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N6645Q accident description

Maryland map... Maryland list
Crash location 39.417500°N, 77.374167°W
Nearest city Frederick, MD
39.414269°N, 77.410541°W
2.0 miles away
Tail number N6645Q
Accident date 11 Jul 2006
Aircraft type Grumman-Schweizer G-164B
Additional details: None

NTSB Factual Report

On July 11, 2006, at 1500 eastern daylight time, a Grumman-Schweizer G-164B, N6645Q, was substantially damaged when it impacted terrain during a forced landing in Frederick, Maryland. The certificated commercial pilot was not injured. Visual meteorological conditions prevailed, and no flight plan was filed for the flight that originated at Fallston Airport (W42), Fallston, Maryland, and was destined for a private airstrip in Martinsburg, West Virginia. The positioning flight was conducted under 14 CFR Part 91.

According to the pilot, he was returning to his base airport after completing a crop dusting assignment near Fallston, Maryland. While in cruise flight, the engine started to run rough, and began to shake violently. The pilot also noted smoke coming from the exhaust. The engine subsequently lost power, and the pilot deviated to Frederick Municipal Airport (FDK), Frederick, Maryland for an emergency landing. The pilot was unable to reach the airport, and subsequently performed an emergency landing in a cornfield about 1 mile north of FDK. During the landing, the airplane came to rest inverted.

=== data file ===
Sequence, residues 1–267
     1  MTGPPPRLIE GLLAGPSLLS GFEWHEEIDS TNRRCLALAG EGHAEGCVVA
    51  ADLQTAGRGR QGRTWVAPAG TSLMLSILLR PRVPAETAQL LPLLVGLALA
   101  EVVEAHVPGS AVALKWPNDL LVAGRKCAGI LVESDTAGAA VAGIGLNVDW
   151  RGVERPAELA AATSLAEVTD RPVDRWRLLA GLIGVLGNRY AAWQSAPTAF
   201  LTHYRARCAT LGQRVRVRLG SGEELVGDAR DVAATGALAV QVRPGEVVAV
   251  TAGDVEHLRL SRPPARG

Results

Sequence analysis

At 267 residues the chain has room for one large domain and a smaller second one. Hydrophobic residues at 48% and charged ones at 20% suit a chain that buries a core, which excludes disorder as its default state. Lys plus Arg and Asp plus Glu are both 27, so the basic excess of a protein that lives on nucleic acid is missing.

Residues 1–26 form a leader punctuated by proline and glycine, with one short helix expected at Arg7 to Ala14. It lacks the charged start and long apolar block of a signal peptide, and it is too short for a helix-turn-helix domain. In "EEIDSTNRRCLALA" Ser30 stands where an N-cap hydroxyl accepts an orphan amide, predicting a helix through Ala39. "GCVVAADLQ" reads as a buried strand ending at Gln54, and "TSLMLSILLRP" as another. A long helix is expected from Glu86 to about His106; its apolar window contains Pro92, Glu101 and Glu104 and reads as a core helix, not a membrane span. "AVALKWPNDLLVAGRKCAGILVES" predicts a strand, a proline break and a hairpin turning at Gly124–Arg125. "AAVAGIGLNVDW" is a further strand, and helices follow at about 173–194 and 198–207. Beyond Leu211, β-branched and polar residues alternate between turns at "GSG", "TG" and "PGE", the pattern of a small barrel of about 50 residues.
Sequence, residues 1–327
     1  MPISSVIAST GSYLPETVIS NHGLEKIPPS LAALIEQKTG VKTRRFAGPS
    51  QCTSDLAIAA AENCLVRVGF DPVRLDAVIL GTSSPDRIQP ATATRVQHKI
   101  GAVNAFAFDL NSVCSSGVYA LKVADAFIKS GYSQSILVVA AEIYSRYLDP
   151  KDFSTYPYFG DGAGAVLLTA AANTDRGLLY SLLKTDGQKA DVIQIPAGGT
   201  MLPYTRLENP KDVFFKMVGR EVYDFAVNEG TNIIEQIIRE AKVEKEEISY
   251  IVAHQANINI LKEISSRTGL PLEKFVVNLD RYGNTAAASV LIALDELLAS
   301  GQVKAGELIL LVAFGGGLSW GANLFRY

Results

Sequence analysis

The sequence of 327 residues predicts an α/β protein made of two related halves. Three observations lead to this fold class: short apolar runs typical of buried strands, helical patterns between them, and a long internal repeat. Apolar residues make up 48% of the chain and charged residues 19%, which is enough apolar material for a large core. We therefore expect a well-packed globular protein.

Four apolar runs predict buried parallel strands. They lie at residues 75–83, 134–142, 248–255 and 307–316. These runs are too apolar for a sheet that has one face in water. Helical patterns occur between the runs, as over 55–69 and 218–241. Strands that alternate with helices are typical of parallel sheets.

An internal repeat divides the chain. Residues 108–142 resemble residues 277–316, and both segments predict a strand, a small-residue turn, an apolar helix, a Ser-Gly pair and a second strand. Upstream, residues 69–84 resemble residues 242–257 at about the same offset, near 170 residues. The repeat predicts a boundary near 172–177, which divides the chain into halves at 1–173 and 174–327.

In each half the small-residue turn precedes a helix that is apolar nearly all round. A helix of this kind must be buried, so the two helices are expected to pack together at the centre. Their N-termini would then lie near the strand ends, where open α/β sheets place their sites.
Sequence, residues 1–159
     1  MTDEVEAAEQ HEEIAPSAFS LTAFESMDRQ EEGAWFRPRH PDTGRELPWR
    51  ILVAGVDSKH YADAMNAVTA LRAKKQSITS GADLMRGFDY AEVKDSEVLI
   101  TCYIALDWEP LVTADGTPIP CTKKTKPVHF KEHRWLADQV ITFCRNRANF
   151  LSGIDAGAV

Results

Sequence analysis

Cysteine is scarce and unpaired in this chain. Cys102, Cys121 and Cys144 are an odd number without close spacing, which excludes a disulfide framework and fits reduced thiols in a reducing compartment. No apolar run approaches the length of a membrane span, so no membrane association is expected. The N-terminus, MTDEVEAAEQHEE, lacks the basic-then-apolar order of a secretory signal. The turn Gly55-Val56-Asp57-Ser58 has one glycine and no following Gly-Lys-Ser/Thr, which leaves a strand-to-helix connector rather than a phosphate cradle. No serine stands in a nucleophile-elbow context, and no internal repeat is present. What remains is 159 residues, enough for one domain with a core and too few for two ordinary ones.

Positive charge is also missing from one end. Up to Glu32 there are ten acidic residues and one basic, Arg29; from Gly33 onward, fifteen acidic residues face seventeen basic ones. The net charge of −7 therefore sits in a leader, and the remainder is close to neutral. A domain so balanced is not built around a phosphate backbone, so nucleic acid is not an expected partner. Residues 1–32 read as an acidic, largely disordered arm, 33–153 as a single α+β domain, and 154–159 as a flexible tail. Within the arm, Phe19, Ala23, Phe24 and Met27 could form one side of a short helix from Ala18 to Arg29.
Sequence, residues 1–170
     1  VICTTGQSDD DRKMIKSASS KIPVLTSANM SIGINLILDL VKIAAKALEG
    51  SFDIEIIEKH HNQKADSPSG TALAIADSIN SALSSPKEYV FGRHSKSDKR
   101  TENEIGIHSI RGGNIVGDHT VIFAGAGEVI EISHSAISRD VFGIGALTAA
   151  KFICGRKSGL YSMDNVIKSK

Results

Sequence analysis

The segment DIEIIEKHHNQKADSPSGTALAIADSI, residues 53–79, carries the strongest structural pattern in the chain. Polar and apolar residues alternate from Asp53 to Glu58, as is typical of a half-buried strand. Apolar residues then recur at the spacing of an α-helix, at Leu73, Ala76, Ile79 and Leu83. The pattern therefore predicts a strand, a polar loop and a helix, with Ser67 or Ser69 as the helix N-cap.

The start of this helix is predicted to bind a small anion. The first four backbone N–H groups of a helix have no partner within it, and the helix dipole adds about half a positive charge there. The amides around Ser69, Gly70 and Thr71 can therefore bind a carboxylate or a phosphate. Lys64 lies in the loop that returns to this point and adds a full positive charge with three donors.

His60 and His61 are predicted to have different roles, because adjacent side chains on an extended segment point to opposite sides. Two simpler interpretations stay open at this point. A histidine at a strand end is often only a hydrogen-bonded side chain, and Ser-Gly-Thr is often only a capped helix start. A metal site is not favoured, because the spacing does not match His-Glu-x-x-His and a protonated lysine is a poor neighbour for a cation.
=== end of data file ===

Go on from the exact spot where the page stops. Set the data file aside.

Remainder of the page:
An on-site examination of the airplane was conducted by a Federal Aviation Administration (FAA) inspector. All four wings and wing struts sustained damage, and the upper left wing spar was bent. The vertical stabilizer was crushed, and the elevators were substantially damaged. Under the supervision of the FAA inspector, the pilot attempted to rotate the propeller and engine crankshaft by hand, and loose pieces of metal were heard moving inside the engine compartment. The Pratt & Whitney R-985-AN-14B radial engine was subsequently removed, and shipped to a facility in Okmulgee, Oklahoma, for teardown.

The teardown facility conducted an engine disassembly and parts inspection on September 10, 2006, and the facility's Quality Assurance Manager provided a copy of the findings report to the Safety Board. According to the report, the number 5 masterod (located in the lower, number 5 cylinder) was found fractured, and the intact portion of the masterod was bent. The report further stated,

"The bent condition of the intact portion of the masterod (number 5 cylinder location), and the rod's fracture surface, are typical of damage known to have resulted from a liquid hydraulic lock of the cylinder / piston. The burnished area on the skirt of the number 5 piston indicates operation, for an undetermined period of time, with the piston misaligned with the cylinder bore. Stresses placed on the masterod during operation in the condition described above resulted in eventual fracture of the rod..."